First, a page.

Infrared GRIN materials. The MGRIN program, funded by the Defense Advanced Research Projects Agency (DARPA), has the potential to truly revolutionize the use of chalcogenide glass materials in dual-band systems. Gradient index (GRIN) optics is the branch of optics covering optical effects produced by the gradual and continuous variation of the refractive index within a material. This continuous variation of index not only bends light through the volume of the lens (providing degrees of freedom for aberration correction), but also provides unique and tailorable dispersion characteristics not possible with homogenous material. Such variations can be used to produce lenses with flat surfaces, or lenses that do not have the aberrations typical of traditional spherical lenses. Gradient-index lenses may have a refraction gradient that is spherical, axial, or radial.

Naval Research Labs (NRL) has designed more than 20 different chalcogenide glass formulas for manufacturing IR GRIN optics. GRIN technology will allow the designer to substantially reduce the number of elements in these complex optical designs. Reducing lens count reduces the weight and size of these IR lens systems, but more importantly it reduces the number of surface reflections, improving transmission and range performance.

Infrared fused doublets and triplets. A number of dual-band sensor systems (MWIR/LWIR) have as many as 30 optical elements, and current IR dual-band antireflection (AR) coating technologies produce reflection losses of 1.0–1.5% per surface. When multiplied by the number of surfaces in a system, the total transmission loss can make many designs almost impossible.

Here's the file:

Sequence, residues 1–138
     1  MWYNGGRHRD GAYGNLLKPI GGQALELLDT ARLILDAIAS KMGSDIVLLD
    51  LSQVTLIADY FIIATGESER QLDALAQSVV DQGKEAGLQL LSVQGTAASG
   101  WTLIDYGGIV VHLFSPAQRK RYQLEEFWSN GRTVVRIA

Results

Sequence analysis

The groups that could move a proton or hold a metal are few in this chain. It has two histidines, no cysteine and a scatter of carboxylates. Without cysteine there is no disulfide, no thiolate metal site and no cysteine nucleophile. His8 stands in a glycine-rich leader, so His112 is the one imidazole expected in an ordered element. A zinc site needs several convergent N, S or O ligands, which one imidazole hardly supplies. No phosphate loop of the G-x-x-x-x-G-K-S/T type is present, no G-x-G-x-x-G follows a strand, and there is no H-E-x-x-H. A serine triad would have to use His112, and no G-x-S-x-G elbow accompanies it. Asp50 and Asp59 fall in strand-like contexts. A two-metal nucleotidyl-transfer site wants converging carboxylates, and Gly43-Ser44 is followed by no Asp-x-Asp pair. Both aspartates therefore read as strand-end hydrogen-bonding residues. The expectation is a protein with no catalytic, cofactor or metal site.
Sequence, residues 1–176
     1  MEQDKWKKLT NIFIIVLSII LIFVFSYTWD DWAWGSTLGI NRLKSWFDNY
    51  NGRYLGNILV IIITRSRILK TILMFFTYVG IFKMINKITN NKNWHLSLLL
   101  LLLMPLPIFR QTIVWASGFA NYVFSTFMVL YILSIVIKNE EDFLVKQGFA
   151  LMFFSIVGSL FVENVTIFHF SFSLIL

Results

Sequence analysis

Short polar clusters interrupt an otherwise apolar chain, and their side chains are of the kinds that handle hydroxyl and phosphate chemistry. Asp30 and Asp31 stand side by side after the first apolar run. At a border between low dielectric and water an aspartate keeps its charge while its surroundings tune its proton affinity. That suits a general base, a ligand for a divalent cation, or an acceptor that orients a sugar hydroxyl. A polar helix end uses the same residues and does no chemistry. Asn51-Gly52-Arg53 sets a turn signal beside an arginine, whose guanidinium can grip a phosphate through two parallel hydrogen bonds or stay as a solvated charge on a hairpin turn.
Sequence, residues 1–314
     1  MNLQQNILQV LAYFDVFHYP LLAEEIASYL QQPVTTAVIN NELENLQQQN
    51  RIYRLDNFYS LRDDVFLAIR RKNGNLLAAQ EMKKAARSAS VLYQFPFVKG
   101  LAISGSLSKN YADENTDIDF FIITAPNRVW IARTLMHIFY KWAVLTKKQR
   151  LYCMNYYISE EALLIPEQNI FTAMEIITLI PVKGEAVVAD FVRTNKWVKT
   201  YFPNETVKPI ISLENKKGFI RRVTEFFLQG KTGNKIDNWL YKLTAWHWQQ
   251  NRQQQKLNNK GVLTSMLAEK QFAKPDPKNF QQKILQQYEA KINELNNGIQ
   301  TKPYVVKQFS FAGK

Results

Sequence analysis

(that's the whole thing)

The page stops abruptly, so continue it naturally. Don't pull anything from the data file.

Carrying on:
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FIGURE 2. A fixed-focus 60 mm EFL f/1.8 lens is designed for MWIR/LWIR applications.

Figure 2 shows a basic fixed-focus 60 mm effective focal length (EFL) f/1.8 lens designed for MWIR/LWIR applications, consisting of four lenses composed of typical Ge, ZnSe, and BaF2 elements. Figure 3 shows the same optical system using "fused doublet" technology recently developed through the MGRIN program by Rochester Precision Optics. The design consists of three NRL glasses, reducing the lens count by one. Use of the doublet reduces the number of AR-coated surfaces from eight to four.

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FIGURE 3. Fused-doublet technology reduces the number of lenses from four to three.

Even in this small system, this change equates to a system transmission increase of 4–6%. By incorporating a number of fused doublets into more-complex zoom lens systems, these gains can double or triple, leading to a 20% transmission gain and increased performance.

Infrared GRIN optics. Even greater performance gains can be achieved using IR GRIN materials in various forms. There are three basic index profiles for GRIN optics: axial, spherical, and radial. The MGRIN program has worked to develop all three types.